In October last year, NPAQ organised a seminar in Brisbane to discuss an important issue: the pros and cons of ecotourism in national parks.
In the last edition we caught up with two of the speakers and now we present the views of the other two speakers to get their perspectives in more detail.
David Edwards is the Projects Chief Executive at the Queensland Department of Innovation and Tourism Industry Development.
What is your view on ecotourism infrastructure in national parks?
I’m very supportive of ecotourism infrastructure and adventure and nature-based tourism experiences in national parks as long as it’s delivered responsibly and sustainably. I’ve travelled around New Zealand and Tasmania to look at best-practice and there are great examples of government, the private sector and local communities working together to create and showcase unique ecotourism experiences.
This is the approach we’re taking with the Queensland Ecotourism Trails program which focuses on three key pillars: protecting culture, preserving and presenting natural assets and future-proofing regional communities. For a proposal to be considered however, it must be delivered and operated in-accordance with strict environmental legislation, regulations and frameworks. Any facilities in parks must be located, designed and managed sensitively and sustainably to ensure compatibility with the area’s natural and cultural values.
Do you see ecotourism ventures as likely to benefit the ecological values of national parks?
Of course. By better presenting, protecting and promoting the ecological values of national parks, we’ll be able to better support the conservation of these areas. Using a collaborative model with Governments, Traditional Owners, local communities and the private sector, we’ll create genuine ecotourism experiences and unlock new income streams for the preservation and management of parks. As always, a balanced approach between sustainable development and conservation is essential. Ecotourism operations in parks will only be permitted where there is a clear understanding of how the park functions as an ecosystem, and where it can be shown that the sites’ cultural and heritage values can be conserved. It’s been fantastic to see Traditional Owners on country offering knowledge and skills to help with the parks’ protection. Through the collaborative approach we have established, we are all gaining a far better understanding of Traditional Owners’ special cultural places and the strong linkages there are between cultural heritage and biodiversity.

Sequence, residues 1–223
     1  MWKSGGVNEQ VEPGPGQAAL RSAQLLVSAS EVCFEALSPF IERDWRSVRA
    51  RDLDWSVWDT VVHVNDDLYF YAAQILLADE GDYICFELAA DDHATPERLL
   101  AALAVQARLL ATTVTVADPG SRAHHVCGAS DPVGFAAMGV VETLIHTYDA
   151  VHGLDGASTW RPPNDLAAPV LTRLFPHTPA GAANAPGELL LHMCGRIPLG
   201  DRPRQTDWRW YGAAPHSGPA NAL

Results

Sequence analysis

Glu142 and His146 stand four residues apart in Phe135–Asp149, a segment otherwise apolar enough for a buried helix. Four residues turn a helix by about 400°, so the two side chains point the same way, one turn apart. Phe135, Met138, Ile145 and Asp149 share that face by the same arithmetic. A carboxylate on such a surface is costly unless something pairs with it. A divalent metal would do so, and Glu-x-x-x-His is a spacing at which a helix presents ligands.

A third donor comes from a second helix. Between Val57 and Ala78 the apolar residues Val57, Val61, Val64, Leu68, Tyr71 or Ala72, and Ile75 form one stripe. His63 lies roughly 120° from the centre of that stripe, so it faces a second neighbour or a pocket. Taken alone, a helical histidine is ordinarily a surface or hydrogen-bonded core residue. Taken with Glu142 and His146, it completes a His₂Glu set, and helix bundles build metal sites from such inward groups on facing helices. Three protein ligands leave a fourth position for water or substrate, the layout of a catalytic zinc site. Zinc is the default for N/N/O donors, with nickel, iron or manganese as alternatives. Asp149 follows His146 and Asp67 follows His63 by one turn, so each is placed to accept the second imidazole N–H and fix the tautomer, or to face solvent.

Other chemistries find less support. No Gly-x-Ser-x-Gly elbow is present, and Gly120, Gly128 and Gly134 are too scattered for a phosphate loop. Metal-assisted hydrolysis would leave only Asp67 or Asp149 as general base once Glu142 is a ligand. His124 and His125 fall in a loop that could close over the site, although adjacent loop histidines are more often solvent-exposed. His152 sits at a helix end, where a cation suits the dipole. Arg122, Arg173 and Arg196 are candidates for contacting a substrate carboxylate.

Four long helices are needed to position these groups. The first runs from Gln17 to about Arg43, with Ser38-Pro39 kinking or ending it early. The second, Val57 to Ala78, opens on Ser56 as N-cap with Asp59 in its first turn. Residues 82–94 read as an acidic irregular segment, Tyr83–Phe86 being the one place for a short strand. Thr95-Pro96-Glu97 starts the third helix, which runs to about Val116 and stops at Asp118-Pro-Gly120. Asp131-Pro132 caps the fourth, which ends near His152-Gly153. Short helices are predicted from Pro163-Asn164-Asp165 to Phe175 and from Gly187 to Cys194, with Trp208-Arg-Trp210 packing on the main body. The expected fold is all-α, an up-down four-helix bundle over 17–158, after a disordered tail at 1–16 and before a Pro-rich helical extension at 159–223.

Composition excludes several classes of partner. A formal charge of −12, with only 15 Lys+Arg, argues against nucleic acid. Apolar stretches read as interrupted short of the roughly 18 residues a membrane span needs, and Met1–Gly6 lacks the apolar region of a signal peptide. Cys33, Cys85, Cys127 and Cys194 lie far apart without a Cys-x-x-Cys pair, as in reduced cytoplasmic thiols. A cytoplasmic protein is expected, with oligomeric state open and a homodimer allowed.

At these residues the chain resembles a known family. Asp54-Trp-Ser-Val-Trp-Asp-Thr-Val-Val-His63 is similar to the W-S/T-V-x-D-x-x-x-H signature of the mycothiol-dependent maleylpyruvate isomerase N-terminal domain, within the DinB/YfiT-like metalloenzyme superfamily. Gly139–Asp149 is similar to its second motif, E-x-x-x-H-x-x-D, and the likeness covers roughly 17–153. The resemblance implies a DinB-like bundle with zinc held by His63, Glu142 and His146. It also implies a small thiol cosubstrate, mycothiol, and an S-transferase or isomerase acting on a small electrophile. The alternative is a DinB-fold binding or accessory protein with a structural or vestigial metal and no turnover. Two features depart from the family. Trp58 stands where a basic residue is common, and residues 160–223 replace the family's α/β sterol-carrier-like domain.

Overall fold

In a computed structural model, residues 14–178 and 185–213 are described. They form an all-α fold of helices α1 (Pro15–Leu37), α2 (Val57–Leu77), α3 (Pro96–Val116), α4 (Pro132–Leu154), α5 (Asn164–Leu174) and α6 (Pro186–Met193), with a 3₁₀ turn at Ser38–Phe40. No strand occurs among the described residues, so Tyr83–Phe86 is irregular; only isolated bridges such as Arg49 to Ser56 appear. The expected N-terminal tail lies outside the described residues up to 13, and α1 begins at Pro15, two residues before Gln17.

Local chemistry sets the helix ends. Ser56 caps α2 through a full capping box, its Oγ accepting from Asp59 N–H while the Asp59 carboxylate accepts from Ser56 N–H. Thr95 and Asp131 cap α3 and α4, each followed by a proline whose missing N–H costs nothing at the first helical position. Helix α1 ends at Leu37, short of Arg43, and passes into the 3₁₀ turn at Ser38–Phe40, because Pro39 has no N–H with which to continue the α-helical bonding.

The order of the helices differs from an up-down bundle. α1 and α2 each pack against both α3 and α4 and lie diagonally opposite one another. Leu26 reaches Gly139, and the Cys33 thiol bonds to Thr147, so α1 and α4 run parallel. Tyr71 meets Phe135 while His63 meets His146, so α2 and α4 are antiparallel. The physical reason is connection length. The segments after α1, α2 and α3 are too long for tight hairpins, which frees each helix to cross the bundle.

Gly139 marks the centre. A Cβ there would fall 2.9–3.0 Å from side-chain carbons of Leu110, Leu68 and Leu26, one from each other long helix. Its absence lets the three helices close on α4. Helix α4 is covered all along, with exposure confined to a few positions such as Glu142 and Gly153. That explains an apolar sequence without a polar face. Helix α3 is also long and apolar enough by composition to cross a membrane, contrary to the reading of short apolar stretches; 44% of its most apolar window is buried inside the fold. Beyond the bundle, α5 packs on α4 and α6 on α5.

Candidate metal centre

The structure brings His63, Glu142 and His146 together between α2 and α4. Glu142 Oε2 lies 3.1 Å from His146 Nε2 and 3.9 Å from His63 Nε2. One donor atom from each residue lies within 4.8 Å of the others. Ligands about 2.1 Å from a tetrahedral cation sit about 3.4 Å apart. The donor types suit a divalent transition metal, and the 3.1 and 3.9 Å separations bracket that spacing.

Ralf Buckley is the International Chair in Ecotourism Research (Emeritus) at Griffith University. Here is what he had to say.
Queensland escaped the 2019/20 summer bushfire season comparatively unscathed. NSW did not. Immediately following the fires in NSW national parks, tourism enterprises throughout much of regional NSW reported 60% loss of business. The roads were open, the tourism facilities intact, but the attractions – views, vegetation and wildlife – were less attractive.
Effectively, the fires created a giant natural experiment, showing that parks support tourism outside their boundaries. This is not new: “benefits beyond boundaries” is a long-established concept in parks economics. It was a very practical demonstration for the regional tourism industry, however, just how much their routine customer base is connected to park visitation.